KITTREDGE, Colo. — A settlement between the county government and a property owner who asserted her rights has been announced in the tiny town of Kittredge that was divided over who actually owns land where a popular creek is located.
The settlement between Jefferson County and Taralyn Romero was hailed by both sides as a “win-win” nearly a year after Romero cut off public access to Bear Creek. Romero claimed Kittredge Park visitors were trashing the land she purchased in 2021.
Under the settlement, the county will pay Romero $250,000, while the disputed creek access area will become officially part of Kittredge Park property.
The public will continue to have access to the same beach area that has been a traditional recreational spot for the past 35 years.
Last year, Jefferson County filed a lawsuit against Romero seeking to obtain the disputed land through “adverse possession,” while claiming the land should belong to the public because of its recreational history.
Romero hired attorneys and fought the lawsuit while claiming historical surveys and maps proved she owned the property.
“We are pleased to announce that Jefferson County and Ms. Romero have settled the Kittredge Park boundary dispute related to access to Bear Creek from the park. This settlement honors the long history of public use of this beloved area while respecting the concerns of adjacent property owners,” a statement from county says.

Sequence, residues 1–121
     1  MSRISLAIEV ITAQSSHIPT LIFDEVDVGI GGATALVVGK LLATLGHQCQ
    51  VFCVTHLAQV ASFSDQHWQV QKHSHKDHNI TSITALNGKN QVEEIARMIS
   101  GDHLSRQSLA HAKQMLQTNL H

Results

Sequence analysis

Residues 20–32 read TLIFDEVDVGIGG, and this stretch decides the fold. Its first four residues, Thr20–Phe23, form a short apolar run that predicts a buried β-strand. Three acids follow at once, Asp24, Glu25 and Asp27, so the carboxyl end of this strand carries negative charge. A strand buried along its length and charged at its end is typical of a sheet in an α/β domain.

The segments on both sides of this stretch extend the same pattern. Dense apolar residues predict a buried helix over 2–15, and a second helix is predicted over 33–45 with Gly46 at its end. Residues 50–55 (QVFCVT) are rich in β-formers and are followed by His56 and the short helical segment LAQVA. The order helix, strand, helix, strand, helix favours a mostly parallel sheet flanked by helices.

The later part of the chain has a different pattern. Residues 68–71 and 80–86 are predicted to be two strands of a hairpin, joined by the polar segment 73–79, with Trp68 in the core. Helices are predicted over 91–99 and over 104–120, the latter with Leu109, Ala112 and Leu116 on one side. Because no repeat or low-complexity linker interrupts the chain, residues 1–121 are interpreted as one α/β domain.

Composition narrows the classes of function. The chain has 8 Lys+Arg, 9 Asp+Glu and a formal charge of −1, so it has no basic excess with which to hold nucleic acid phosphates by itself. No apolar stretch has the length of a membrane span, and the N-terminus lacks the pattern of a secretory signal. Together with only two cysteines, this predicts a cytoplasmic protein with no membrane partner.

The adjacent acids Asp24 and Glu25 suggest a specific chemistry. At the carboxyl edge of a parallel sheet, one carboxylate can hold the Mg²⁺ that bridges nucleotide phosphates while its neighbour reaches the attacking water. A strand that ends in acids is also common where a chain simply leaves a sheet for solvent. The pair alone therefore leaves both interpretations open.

This summer, as part of the agreement, Jefferson County and the Evergreen Park and Recreation District will conduct a land survey to establish new property deeds for Romero and Kittredge Park. Fences will be built to mark private and public property.
While Romero became a town pariah, she garnered a substantial and sympathetic social media following who felt she was being targeted by a local government and community seeking to obtain her private property.
Romero captured name-calling and vulgar remarks on video by some park visitors that played out before thousands of her followers.
“It truly is the minority of people who cause problems. The majority of people are good. I want them to have something they love which is known as the ‘beach,’ and I ended up getting beach prices for it. Hopefully we can all be happy and move on,” Romero said of the agreement.
The settlement was announced at a community meeting Wednesday night at which a few people visibly shook their heads in disappointment at the agreement.
Yet community residents like Jimmy Dickson see the settlement as a way for people to move on from the animosity.
“People's connection to nature, connection to water is very important. Hopefully it'll turn out all right,” Dickson said.
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